Lobbyists spend millions -- and rarely lose in Legislature
Special interests spent a record $553 million lobbying California state government in the past two years.
For them, it was money well spent.
Makers of chemical fire- retardants poured in more than $9 million to kill a ban on fire-proofing chemicals in furniture that consumer groups say cause cancer.
The Morongo Band of Mission Indians used $4.39 million to muscle through a gambling deal to let the tribe add thousands of lucrative new slot machines to its casino.
The oil industry spent more than $10.5 million to influence the Legislature and state agencies. A 2007 industry association report touted that even in a Democratic-controlled Legislature, "of the 52 bills identified as priorities (in 2007), only three that we opposed were approved by the Legislature."
Of those three, Gov. Arnold Schwarzenegger vetoed two.
A Bee analysis of this past two-year session found the 10 highest-spending employers of private lobbyists shelled out a total of more than $70 million working the halls of state government. They rarely lost.
"You're fighting a mountain of money," said former Assemblywoman Sally Lieber, D-Mountain View. "You have an idea, and they have enormous amounts of money. Who's going to win?"
Top lobbyists and their employers use the millions to amass armies of advocates to build alliances and cultivate relationships to influence their agenda. They buy meals and gifts and treat policymakers to Disneyland or Kings games. They amp up external pressure by blanketing their targets' constituents with mailers and radio ads.
Lobby fuels growth industry
In the past two decades, the amount spent on lobbying in California has increased with each two-year legislative session, rising from $193 million in 1989-90 to more than $550 million last session, state records show.
The number of groups hiring professional advocates has also grown, from 682 in 1975 to 2,365 at the start of the 2007-08 session.
With term limits capping how long legislators can serve in the statehouse, the lobby corps is largely the keeper of the Capitol's institutional knowledge.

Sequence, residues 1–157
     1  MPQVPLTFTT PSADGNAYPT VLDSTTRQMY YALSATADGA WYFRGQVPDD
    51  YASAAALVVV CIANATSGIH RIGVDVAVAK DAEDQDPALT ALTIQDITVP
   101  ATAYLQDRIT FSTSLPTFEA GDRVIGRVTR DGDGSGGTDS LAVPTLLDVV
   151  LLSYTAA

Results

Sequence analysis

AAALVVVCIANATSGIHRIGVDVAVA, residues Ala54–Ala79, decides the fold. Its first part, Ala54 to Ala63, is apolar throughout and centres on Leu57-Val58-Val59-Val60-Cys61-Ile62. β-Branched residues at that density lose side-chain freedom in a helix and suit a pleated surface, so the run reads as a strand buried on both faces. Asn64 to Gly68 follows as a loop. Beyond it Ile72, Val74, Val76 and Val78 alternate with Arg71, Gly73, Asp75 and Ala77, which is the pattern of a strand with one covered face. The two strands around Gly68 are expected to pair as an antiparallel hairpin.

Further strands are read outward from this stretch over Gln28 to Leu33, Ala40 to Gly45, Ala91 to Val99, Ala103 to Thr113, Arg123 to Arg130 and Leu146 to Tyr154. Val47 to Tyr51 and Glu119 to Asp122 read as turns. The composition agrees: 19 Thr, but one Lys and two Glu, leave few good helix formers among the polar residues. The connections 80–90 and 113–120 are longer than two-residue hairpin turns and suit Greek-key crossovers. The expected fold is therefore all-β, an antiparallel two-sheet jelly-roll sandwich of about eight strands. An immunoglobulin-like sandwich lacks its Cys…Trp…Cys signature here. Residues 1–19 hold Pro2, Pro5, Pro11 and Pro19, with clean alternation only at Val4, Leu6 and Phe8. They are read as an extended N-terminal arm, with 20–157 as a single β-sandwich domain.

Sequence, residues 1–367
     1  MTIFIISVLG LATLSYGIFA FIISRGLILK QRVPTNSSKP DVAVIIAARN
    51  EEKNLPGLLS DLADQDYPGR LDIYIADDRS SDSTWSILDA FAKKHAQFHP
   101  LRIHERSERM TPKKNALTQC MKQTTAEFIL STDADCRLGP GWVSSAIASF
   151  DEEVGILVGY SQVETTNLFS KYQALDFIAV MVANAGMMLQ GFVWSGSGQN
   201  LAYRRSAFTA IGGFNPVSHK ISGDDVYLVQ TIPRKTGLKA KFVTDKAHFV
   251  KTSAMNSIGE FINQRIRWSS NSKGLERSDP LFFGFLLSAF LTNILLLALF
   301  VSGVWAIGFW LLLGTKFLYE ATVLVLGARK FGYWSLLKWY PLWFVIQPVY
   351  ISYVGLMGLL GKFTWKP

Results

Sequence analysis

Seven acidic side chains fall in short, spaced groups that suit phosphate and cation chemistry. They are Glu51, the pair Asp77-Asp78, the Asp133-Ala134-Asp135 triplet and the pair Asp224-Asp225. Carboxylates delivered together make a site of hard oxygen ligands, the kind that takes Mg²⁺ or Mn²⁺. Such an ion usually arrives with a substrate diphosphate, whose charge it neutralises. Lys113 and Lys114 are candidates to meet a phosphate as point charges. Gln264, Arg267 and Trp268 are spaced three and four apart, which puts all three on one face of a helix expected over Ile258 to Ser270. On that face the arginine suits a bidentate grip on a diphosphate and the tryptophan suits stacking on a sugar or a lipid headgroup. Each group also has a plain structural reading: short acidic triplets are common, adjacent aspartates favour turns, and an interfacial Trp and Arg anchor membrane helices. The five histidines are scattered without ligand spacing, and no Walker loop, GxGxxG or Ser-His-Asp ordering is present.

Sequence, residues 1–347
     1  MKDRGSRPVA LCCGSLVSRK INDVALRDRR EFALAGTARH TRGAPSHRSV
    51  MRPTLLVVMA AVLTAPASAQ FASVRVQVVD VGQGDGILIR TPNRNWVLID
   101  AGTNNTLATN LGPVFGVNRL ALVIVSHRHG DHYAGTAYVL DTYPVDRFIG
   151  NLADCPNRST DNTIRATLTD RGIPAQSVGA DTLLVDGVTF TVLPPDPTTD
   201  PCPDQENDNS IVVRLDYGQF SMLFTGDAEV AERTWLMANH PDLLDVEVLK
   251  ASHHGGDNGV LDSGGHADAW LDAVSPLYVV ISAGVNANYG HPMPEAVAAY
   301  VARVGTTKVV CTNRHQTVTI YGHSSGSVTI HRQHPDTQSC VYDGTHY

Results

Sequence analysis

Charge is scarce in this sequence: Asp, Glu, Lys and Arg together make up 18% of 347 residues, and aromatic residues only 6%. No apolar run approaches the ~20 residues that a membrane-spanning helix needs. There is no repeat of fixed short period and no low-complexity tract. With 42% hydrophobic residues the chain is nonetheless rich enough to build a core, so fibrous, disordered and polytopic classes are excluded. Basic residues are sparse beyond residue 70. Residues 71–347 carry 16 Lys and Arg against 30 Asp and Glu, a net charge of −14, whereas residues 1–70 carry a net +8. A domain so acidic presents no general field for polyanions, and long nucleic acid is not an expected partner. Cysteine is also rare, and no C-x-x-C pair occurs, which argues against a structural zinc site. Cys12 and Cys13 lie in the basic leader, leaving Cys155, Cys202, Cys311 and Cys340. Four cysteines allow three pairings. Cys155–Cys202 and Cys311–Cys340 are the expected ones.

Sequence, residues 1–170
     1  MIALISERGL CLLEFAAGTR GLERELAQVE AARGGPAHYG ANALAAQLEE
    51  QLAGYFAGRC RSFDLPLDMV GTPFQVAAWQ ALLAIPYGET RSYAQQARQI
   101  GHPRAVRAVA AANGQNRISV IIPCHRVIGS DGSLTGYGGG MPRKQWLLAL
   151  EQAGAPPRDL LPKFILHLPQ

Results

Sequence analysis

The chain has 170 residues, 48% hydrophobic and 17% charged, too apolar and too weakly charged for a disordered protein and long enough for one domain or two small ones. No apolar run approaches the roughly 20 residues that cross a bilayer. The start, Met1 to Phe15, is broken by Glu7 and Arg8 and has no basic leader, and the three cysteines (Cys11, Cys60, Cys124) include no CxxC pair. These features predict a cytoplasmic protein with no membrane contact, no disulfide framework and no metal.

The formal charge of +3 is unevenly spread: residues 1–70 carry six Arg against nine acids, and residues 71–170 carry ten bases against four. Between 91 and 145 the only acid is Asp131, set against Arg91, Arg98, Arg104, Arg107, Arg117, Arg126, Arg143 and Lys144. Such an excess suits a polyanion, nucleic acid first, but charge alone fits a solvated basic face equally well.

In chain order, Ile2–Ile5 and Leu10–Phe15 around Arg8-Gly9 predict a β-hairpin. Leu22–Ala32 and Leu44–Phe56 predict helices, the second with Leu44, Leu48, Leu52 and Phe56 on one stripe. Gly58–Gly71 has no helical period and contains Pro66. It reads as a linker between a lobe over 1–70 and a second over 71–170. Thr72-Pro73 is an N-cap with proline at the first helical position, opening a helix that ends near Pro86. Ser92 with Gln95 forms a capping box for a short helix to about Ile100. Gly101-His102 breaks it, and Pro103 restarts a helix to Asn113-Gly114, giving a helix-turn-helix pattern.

Indeed, advocacy groups insist their success comes with earning lawmakers' trust and disseminating accurate information.
"You're either trustworthy or you're not," said Don Burns, the dean of the lobbying corps, who has represented an array of interests – from pool manufacturers to nuclear waste dumps – in a half-century of advocacy.
The California Chamber of Commerce's Allan Zaremberg put it this way: "The first thing is we have to ensure that we provide the appropriate level of knowledge and education, because I think that translates eventually into influence."
Strength found in numbers
The corps of lobbyists truly is California's third house – and a bigger one at that. Registered lobbyists outnumber lawmakers in Sacramento 8-to-1.
That ratio allows the richest interests the luxury of swarming the Legislature for key policy battles.
The California Teachers Association, the No. 4 lobbying spender, and the California Chamber of Commerce, ranked No. 8, each deployed nine full-time lobbyists last session.
AT&T had three staff lobbyists – and contracts with nine outside firms.
Frustrated lawmakers taking on a moneyed interest often describe the lobbying ranks aligned against them in military terms.
"I was outgunned," said Sen. Ellen Corbett, D-San Leandro, who estimated that 30 lobbyists were working against her 2008 bill to ban perfluorinated compounds, or PFCs, from food packaging.
Her bill passed the Legislature, but Schwarzenegger vetoed it.
"I would see them in the hallways meeting, outside the chambers, at committee hearings," said Assemblywoman Fiona Ma, D-San Francisco, recalling her 2007 fight with the chemical industry. "They were all over the place."
Ma's bill – banning phthalates in plastic toys – became law. But it was the only successful chemical ban of a dozen attempted over two years.